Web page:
Yesterday, New York Times health care reporter Margot Sanger-Katz, whose work I very much respect, entered the debate on the costs of Sanders’ single payer plan in a piece I find problematic, headlined “A Single-Payer Plan From Bernie Sanders Would Probably Still Be Expensive.” I should first concede, however, the central argument of her article: it is true that a US single payer system would still be relatively expensive as compared to other single payer systems. We would, that is to say, continue to spend more than the United Kingdom or Canada if we transitioned to single payer. At the same time, there would nonetheless be enormous savings from such a transition, and these savings would allow us to affordably achieve real universal health care. This, in my opinion, would still be an excellent deal.
The background to this debate are two analyses of the Sanders’ single payer proposal—the first by economist Kenneth Thorpe and the second by the Urban Institute—both of which claimed that the actual costs of Sanders’ single payer plan would be significantly higher than what his campaign has predicted. The assumptions of each have been convincingly contested by colleagues David Himmelstein and Steffie Woolhandler: among other points, they argue that both analyses underestimate administrative savings and overestimate the cost of increased health care use resulting from a coverage expansion.
Anyway, without delving into the details, there is something rather puzzling when looking at the analyses of Thorpe and the Urban Institute from a broader perspective. How is it that single payer would massively increase costs in the United States, as these reports contend, even while countries with single payer-type systems—like Canada and the United Kingdom—have much, much lower health care costs than we do?
To answer, a quick side note: our total health spending is, by definition, equal to the quantity of health services delivered multiplied by their price. The US does not consistently use more health services than other high-income nations. Therefore, the fact that we have higher health care costs is mostly explained by higher unit prices for services, as Sanger-Katz and others note. Now us single payer advocates cite lower administrative costs (and lower drug spending) as the major sources of savings under US single payer (effectively lowering the “price” side of the equation). But Sanger-Katz argues that this would be insufficient: prices would have to be slashed across the board, and some services would have to be cut:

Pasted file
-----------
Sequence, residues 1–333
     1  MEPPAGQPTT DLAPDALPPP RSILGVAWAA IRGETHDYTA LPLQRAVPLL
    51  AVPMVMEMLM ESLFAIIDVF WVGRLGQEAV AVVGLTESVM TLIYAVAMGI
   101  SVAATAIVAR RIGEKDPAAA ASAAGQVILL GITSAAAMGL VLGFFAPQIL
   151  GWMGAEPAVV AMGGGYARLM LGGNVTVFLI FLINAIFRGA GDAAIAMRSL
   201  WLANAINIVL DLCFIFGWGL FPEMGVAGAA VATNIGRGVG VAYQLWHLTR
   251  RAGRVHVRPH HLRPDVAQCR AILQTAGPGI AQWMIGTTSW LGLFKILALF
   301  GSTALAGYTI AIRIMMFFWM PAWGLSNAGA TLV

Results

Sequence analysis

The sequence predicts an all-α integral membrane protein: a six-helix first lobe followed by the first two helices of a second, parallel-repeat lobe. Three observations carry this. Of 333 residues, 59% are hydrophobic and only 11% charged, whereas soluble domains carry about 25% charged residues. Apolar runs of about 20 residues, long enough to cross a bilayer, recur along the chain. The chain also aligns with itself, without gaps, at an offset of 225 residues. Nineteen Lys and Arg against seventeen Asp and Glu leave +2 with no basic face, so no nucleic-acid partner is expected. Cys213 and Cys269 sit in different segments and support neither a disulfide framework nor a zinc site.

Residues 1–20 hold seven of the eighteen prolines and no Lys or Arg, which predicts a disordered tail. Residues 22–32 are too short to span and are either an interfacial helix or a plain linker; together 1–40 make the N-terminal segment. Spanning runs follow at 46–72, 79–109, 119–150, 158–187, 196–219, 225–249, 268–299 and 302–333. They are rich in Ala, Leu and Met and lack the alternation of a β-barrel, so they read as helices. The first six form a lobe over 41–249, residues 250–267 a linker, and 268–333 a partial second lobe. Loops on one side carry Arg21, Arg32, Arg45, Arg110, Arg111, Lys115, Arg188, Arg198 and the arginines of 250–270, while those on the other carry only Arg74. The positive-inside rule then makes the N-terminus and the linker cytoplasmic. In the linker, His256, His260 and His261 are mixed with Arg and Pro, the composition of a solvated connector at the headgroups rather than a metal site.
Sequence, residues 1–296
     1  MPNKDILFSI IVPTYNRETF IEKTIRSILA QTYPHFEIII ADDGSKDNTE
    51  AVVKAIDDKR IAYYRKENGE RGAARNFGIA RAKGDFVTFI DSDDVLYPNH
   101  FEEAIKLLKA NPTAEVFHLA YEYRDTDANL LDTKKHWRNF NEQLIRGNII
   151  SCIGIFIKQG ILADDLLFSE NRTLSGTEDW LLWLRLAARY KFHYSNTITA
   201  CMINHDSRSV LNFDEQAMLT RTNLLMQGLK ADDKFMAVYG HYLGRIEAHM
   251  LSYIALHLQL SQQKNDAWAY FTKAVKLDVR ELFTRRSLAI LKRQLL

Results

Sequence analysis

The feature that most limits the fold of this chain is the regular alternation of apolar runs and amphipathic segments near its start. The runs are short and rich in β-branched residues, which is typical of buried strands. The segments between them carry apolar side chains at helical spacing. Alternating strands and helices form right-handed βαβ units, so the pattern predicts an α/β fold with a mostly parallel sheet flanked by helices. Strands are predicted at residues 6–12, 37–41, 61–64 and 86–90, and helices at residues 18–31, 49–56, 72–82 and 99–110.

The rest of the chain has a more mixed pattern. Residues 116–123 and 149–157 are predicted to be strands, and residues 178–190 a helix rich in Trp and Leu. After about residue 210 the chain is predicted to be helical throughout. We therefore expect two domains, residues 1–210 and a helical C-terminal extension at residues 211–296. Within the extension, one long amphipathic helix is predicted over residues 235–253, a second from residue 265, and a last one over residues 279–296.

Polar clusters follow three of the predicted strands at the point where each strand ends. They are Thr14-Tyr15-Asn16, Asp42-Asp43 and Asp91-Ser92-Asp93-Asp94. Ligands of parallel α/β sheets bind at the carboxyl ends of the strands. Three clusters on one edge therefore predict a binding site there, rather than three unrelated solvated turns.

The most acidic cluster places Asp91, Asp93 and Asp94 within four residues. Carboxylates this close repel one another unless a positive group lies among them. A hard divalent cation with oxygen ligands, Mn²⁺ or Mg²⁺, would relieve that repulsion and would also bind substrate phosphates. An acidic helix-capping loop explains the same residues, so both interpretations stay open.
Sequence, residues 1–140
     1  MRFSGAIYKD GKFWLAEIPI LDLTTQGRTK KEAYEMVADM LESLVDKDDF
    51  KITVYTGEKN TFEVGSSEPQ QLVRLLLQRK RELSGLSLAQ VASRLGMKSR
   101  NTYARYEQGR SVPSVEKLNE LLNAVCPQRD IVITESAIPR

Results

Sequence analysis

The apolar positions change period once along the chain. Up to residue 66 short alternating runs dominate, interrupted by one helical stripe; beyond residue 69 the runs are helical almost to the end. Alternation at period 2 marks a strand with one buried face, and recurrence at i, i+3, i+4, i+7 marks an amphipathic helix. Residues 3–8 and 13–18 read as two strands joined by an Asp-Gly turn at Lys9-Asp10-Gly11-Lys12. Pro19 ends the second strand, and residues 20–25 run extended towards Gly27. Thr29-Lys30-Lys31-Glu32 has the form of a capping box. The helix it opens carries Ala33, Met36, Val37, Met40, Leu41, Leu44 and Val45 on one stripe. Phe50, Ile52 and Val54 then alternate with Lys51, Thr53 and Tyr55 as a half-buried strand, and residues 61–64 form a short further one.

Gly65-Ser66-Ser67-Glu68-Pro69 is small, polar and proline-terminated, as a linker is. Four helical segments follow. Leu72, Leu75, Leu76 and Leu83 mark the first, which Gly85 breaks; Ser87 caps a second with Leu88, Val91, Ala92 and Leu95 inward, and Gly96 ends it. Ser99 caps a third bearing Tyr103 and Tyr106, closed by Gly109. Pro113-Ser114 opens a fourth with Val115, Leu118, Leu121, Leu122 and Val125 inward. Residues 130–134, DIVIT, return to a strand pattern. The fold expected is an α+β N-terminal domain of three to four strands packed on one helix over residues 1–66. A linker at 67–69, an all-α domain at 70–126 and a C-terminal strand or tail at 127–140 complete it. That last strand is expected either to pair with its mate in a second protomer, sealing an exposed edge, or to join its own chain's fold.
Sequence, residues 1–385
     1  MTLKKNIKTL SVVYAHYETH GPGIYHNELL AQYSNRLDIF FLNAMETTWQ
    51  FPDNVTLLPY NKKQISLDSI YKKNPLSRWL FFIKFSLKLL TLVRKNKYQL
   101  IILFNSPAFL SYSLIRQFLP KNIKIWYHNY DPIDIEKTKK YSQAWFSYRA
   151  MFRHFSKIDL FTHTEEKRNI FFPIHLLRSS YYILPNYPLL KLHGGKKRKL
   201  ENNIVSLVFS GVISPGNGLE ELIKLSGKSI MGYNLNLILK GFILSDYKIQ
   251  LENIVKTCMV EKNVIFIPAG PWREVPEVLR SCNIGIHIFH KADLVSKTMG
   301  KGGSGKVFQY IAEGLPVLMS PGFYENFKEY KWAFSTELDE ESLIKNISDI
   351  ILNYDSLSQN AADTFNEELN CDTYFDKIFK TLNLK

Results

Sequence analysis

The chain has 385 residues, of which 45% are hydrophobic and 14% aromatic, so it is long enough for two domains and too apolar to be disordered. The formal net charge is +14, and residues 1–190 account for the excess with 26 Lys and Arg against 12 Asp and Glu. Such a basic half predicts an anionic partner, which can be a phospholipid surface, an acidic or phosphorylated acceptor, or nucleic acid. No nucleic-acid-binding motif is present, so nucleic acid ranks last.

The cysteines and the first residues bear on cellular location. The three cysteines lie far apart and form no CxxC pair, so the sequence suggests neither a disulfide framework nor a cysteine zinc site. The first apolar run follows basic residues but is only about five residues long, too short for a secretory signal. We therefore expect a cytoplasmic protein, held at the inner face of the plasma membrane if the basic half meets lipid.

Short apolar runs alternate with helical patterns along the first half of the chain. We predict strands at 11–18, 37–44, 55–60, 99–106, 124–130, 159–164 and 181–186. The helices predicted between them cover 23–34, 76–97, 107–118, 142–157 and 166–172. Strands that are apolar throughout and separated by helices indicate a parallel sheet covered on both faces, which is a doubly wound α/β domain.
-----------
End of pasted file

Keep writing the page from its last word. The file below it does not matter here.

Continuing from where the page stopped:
Making the American health care system significantly cheaper would mean more than just cutting the insurance companies out of the game and reducing the high administrative costs of the American system. It would also require paying doctors and nurses substantially lower salaries, using fewer new and high-tech treatments, and probably eliminating some of the perks of American hospital stays, like private patient rooms.
Such a transition would, she notes, have some scary sounding downstream consequences: “…making big cuts all at once to doctors and hospitals could cause substantial disruptions in care. Some hospitals would go out of business. Some doctors would default on their mortgages and student loans.” My understanding is that we aren’t really allowed to effectively default on student loans, but admittedly this all sounds rather dicey.
But this frightful health care meltdown isn’t even in the cards. She is correct in a narrow sense: it’s true that immediately lowering US health care expenditures to, say, that of the United Kingdom — i.e. from 16.4% to 8.5% of gross domestic product — would require major, disruptive reductions in spending across the board. However, nobody is contending that we do that. The central claim for US single payer is more modest. Use the enormous administrative savings generated under single payer financing in combination with pharmaceutical savings to cover everybody with comprehensive benefits and no cost-sharing. Overall national health spending would, it is true, remain roughly the same (though we could better control cost growth moving forward). But this scenario of widespread hospital bankruptcies and the end of private (or semiprivate?) hospital rooms is a fantasy: nobody wants it to happen, and it’s not happening.
It’s worth noting that there is also a jarringly inconsistent aspect to single-payer critiques that warn of the threat to health care workers’ income. As Woolhandler and Himmelstein note in an article in the Huffington Post, the Urban Institute simultaneously asserted that the coverage expansion under single payer would lead to an enormous increase in spending on physician services — by $1.6 trillion over a decade!—while simultaneously asserting that physician salaries would be “squeezed.” Whatever one thinks of how much physicians should be paid, it’s hard how these would both happen at the same time.
Transitioning to single payer will not mean reducing our health care expenses to British levels: that is probably not possible, and is certainly not desirable. But that’s not to say that the savings from adopting a single payer financing system wouldn’t be substantial—we’re talking hundreds of billions annually on administrative savings alone, plus more by reducing drug prices to European levels. With that money, we’ll build a much more decent health care system for all to use without having to worry about the cost of being sick, of being pregnant, or simply of obtaining preventive care. No wonder a majority of the country wants it.